For some, the way to furry babies comes from a moment of epiphany, something that unexpectedly comes and takes over their lives. When 28-year-old British expat Hannah Warman came to Dubai, she thought getting a dog was a preposterous idea. “We said to ourselves, we’ll never have a dog in Dubai; it’s not fair to keep them in a one-bedroom apartment. And then, we dog-sat for one of our friends while he went travelling,” she says sheepishly. “When we had to hand the dog over to the next family [that was slated to dog-sit], honestly, it broke our hearts. And it just sort of showcased to us how much love we have to give a dog. And I think there are so many dogs and cats in the UAE that need a loving home; it was exactly what we felt we needed at that point in our lives.”

For many, having children is not merely an emotional choice. It is also a lifestyle decision. “She [their dog Lola] just completely fits our lifestyle — we have a very active lifestyle; we’re in the desert dune bashing and exploring the mountains and going on hikes. Having a dog — that fits with our lifestyle whereas doing those kind of activities is not really possible with a baby,” she says.

The joys of being a pet mama

British expat Kate Meagh hasn’t yet decided whether she’ll have babies, but she has certainly discovered the joys of being a pet mama in the past year. “She [her dog Molly] gets treated like a child, so on Christmas day she’ll have her own stocking and presents wrapped up, even though she has no idea what day it is. When we go out to dinner she’ll have her own doggy dinner or get her ice cream if we are getting a little treat. And we refer to ourselves as mum and dad when she comes out. I think she thinks she’s a little human herself and she’s treated like a princess.”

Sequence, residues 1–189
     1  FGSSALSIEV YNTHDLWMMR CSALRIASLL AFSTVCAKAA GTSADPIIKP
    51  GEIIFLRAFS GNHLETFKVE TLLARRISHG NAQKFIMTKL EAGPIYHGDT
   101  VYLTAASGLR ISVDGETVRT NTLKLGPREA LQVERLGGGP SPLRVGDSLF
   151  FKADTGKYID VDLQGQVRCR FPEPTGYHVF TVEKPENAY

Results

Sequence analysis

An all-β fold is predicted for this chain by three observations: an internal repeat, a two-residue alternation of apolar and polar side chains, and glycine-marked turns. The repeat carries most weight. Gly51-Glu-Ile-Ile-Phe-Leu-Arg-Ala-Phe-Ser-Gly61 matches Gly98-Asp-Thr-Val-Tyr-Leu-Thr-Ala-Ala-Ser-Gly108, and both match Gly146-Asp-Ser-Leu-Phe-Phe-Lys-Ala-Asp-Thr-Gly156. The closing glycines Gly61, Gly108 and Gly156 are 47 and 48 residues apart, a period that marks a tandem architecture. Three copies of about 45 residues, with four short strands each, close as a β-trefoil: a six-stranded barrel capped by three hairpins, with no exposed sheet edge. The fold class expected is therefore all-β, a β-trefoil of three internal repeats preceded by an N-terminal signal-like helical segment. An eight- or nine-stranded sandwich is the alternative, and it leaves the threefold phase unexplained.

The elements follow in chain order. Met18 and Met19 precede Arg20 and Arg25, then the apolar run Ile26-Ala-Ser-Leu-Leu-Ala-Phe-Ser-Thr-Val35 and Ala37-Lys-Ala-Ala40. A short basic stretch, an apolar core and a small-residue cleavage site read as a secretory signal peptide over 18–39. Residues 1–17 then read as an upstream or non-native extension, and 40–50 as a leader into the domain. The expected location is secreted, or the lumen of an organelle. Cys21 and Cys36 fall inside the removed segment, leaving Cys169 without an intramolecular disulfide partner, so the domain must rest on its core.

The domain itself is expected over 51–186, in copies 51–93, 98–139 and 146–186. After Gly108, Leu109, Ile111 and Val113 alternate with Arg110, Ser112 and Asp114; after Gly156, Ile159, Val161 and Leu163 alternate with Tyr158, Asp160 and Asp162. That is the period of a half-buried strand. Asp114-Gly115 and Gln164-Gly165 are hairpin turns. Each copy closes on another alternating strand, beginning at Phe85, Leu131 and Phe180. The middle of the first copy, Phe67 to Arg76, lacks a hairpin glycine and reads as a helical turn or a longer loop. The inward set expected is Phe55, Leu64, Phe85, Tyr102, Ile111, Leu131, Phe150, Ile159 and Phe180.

Meanwhile, Abigail Smith, who is 25 years old, has decided to take her dog, Lotus, to the UK for six weeks come summer. “My partner takes her for breakfast every morning to the dog-friendly cafes. Sometimes he takes her to the beach. We take her on drives, we take her anywhere that allows dogs really. We do a lot of socialising with her.”

Every so often, the structure of what a family looks like and what it encompasses changes. But even as the crust shifts, the core remain steady. A family is complete when it is filled with unconditional love, no matter from which quarter it comes. The unshakable bond shared between pets and people testifies this enduring familial truth.